Keywords: Brain CT scan, head injury CT, head injury, road traffic accident

How to cite this article:
Baduku TS, Tabari AM. Pattern of computed tomographic findings in patients referred with head injury secondary to road traffic accident in a Nigerian otolarhyngologic center. Arch Int Surg 2019;9:67-72

How to cite this URL:
Baduku TS, Tabari AM. Pattern of computed tomographic findings in patients referred with head injury secondary to road traffic accident in a Nigerian otolarhyngologic center. Arch Int Surg [serial online] 2019 [cited 2023 Dec 3];9:67-72. Available from:

  Introduction Top

Head injury is a major health problem worldwide and is a frequent cause of death and disability.[1],[2] Road traffic accident (RTA) is the most common etiological factor in traumatic brain injury (TBI) cases worldwide.[3] In developing countries, the incidence of TBI from RTA is increasing as traffic increases.[3],[4],[5] This is besides other confounding factors such as industrialization, falls, and ballistic trauma head injuries.[6] The third and fourth decades of life are the commonest age group affected by this event, with a higher frequency in the male gender because they are involved in economic and social movements more than the female counterpart.[3] There have been reports documenting cranial CT findings in patients with head injury secondary to RTA in some other parts of Nigeria.[7],[8] However, none of these covered Kaduna and its environs.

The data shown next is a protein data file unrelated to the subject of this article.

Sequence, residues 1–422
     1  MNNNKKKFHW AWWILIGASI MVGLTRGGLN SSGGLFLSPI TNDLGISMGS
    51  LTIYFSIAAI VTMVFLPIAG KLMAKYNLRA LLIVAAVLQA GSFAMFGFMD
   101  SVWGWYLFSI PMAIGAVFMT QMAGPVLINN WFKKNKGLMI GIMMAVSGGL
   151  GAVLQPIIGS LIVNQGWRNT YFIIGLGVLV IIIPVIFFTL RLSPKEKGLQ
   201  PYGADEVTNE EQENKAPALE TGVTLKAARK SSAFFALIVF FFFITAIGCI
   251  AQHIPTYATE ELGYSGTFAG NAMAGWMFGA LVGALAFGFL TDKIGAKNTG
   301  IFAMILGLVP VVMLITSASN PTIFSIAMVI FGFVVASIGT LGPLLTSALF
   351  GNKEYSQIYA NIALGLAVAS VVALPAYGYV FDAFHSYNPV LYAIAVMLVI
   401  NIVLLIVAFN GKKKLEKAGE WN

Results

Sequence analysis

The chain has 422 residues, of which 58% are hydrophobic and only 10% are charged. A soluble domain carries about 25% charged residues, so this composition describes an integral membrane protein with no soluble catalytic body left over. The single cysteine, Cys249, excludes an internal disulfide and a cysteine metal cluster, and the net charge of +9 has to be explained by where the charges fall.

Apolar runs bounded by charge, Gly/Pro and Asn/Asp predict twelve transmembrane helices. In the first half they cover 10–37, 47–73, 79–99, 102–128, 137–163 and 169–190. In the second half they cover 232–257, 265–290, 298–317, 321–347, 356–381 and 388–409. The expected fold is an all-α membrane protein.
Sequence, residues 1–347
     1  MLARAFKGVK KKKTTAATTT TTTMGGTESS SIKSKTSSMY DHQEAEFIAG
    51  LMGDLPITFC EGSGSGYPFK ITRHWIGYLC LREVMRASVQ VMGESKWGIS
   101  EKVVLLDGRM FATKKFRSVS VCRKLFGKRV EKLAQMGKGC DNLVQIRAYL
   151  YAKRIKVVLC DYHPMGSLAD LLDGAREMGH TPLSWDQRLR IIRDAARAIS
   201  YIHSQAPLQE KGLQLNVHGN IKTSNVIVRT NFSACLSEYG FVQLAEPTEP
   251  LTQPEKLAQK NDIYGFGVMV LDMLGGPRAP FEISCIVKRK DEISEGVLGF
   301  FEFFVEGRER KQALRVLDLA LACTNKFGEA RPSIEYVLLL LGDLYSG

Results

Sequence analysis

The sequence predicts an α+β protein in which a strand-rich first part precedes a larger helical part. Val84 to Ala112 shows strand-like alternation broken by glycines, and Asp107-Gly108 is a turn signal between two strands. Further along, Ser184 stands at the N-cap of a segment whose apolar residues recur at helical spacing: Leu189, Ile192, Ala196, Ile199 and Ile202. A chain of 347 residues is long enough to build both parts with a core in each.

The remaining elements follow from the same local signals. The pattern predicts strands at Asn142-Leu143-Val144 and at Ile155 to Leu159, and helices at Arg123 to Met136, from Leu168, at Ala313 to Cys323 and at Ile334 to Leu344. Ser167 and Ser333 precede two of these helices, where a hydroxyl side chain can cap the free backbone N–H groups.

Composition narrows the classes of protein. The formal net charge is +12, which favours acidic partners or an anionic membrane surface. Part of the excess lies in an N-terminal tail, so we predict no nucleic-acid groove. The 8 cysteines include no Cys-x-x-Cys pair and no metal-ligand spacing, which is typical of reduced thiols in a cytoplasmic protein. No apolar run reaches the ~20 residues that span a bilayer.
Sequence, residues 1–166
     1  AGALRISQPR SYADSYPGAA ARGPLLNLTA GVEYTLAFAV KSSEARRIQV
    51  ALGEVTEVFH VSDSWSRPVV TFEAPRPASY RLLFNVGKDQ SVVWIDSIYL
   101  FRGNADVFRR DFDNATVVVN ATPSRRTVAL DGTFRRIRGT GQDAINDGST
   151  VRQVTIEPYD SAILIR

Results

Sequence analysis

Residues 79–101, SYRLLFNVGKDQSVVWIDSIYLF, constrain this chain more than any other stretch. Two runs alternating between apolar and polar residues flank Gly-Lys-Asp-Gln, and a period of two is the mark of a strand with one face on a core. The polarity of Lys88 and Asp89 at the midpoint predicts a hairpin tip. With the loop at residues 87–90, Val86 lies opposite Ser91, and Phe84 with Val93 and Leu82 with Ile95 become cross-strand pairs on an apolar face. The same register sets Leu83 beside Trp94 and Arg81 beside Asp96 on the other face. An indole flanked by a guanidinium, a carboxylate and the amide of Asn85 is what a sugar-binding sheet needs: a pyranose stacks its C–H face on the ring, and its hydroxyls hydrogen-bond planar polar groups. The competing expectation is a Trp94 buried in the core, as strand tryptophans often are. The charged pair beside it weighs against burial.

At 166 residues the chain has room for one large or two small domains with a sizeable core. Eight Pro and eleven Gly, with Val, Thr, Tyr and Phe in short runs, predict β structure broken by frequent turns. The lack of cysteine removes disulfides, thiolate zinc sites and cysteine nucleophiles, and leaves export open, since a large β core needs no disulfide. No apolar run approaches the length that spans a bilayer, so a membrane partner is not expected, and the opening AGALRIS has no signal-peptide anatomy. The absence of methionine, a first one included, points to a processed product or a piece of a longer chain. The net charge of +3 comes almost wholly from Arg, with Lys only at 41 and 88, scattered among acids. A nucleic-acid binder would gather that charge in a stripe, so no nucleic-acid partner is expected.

Kaduna town, being the gateway to Abuja the capital city of the most populous country in Africa, experiences high vehicular traffic to and from many northern states of Nigeria. This high vehicular traffic has its attendant effect. The aim of this study was to determine the pattern of intracranial pathologies visible on CT scans in patients with head injuries secondary to RTA.

  Patients and Methods Top

This is a retrospective study carried out over one year from January 1st to December 31st, 2017 at the Radiology Department of the National Ear Care Center, Kaduna, Nigeria. It is a specialized tertiary health institution, which serves as a referral center for ear, nose, and throat related problems, with patients referred from all parts of the country. However, many patients who present to the radiology department of this center for CT services are referred from outside, since there is a paucity of functional modern imaging facilities in most tertiary centers around.

Only head-injured patients resulting from RTA referred to the Radiology Department for cranial CT during this period were included in the study. Their imaging records, as well as their CT reports, were retrieved and evaluated. Head injuries from other causes were not included.